Kimberly: They are. And the neighbors and the whole community. We get an idea of what this community is like: what the neighbors are like, who's interested in what family, and what their business is. You know, there' s the lovely quality of small town where everyone knows everyone. Unless it gets too comfortable (laughs), and then maybe people know too much!

Do you think this show is pretty well known around the area, particularly since it is set in rural Iowa?

Kimberly: Certainly, people are familiar with the movie and the novel. The musical does a great job of honoring other adaptations, but the music just adds so much more to it. I think people will be surprised by it. We're the first to do the musical here.

James: It's relatively new. It just came out in 2014. It was on Broadway for only six months.

Kimberly: Right. It's only a few years old.

Angie: I've had several people ask me at work about it. Oh, is that a play? When they find out about it, they didn't realize that it was a musical.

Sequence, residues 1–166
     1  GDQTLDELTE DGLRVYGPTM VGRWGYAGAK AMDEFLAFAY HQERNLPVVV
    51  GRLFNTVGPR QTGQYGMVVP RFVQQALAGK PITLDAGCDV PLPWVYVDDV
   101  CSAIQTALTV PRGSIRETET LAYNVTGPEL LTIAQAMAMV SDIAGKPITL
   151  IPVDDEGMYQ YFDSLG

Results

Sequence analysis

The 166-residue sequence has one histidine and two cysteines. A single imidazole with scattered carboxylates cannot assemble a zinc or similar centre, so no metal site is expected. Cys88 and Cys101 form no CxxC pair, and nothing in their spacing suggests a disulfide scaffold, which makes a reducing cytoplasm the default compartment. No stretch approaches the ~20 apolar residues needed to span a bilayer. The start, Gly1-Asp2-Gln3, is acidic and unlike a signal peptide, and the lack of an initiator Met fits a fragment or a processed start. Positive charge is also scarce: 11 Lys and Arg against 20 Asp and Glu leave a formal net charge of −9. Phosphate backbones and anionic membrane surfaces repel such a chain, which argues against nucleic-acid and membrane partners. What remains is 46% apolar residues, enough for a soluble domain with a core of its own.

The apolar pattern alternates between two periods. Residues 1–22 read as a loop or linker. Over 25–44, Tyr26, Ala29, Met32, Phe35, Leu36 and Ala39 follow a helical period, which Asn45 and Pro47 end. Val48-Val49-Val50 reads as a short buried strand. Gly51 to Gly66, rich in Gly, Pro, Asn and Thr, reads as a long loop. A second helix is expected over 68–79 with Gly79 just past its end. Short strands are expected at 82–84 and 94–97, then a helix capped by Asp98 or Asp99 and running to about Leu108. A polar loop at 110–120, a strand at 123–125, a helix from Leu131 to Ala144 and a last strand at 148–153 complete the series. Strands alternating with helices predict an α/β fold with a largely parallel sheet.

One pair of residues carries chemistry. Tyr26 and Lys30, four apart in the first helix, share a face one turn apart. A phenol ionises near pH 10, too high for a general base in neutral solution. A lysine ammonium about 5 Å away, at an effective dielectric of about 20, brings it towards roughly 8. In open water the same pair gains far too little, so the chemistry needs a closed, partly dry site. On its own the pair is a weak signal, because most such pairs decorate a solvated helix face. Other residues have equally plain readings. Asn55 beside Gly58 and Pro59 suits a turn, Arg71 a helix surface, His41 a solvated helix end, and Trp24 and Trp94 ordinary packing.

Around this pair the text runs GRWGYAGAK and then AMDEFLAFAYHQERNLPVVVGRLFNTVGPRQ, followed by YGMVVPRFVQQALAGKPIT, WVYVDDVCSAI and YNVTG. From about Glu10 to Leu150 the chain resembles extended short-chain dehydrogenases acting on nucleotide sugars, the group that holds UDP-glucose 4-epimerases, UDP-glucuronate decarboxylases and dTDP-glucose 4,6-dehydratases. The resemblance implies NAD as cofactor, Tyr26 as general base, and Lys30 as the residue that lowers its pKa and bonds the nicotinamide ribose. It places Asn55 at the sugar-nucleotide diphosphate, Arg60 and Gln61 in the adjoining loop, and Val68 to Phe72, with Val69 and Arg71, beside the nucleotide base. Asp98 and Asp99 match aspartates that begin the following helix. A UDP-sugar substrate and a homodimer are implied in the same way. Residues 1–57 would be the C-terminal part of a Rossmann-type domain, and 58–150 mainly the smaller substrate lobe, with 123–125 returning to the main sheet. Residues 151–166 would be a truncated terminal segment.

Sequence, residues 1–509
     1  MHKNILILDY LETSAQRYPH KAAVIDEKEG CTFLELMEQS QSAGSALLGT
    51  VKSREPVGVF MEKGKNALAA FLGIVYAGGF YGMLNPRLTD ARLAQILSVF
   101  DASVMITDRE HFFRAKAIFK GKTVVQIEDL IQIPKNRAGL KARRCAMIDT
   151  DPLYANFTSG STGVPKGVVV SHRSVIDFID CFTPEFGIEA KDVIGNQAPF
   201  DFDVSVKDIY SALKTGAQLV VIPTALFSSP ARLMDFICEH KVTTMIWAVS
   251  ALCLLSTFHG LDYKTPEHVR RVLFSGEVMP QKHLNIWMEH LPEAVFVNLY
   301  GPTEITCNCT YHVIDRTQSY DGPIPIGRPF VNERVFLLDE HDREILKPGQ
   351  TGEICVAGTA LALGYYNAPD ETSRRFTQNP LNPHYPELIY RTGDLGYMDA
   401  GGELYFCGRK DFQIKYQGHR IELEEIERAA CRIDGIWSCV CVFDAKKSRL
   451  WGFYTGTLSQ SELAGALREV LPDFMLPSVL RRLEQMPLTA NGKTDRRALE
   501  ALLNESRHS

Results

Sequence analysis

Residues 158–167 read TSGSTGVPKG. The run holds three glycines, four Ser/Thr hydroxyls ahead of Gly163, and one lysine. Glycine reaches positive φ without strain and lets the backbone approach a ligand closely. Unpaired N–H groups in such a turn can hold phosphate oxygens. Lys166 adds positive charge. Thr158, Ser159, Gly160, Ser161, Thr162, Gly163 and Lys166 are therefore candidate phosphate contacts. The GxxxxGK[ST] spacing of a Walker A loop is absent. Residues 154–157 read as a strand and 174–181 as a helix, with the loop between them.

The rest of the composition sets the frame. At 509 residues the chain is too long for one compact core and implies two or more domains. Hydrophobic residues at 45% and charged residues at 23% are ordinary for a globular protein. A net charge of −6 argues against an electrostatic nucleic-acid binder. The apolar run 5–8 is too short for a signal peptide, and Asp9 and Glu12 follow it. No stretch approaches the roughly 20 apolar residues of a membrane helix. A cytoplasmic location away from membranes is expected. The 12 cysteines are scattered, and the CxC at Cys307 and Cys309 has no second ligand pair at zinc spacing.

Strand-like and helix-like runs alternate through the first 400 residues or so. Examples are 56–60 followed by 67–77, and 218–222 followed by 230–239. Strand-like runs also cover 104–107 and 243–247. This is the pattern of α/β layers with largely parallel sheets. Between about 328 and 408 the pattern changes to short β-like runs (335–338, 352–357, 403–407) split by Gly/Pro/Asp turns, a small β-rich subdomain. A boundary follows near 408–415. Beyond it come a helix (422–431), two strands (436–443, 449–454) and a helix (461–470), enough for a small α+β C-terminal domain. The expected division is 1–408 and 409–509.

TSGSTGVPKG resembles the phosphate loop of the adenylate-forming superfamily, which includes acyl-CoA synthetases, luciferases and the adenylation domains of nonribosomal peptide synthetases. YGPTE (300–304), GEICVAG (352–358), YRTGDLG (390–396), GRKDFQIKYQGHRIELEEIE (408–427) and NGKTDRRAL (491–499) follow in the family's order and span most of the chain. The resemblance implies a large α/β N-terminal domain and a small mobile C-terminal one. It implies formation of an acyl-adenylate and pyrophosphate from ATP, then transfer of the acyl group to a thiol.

Kimberly: I was living in New York at the time, but I didn't get to see it. The names attached to the Broadway production are very high quality, high caliber people. I wondered how it would do here. Will the tourists come out to see THE BRIDGES OF MADISON COUNTY? It seems like such a unique regional type of show, so when it became available, we had two different committees read through the material and everyone really loved it. Everyone felt it was completely appropriate and perfect for us to do, especially considering our proximity to Iowa. The Playhouse did a group tour of all the bridges back in October. That was really well supported. It's fun that we have that extra little bonus of being so close.

Tom, you have been pretty quiet. What would you like to say? You've got that whole Robert Redford look going on. James, you must be still on active duty!

James: I am still active duty, so I can't do the hair. We'll make it work!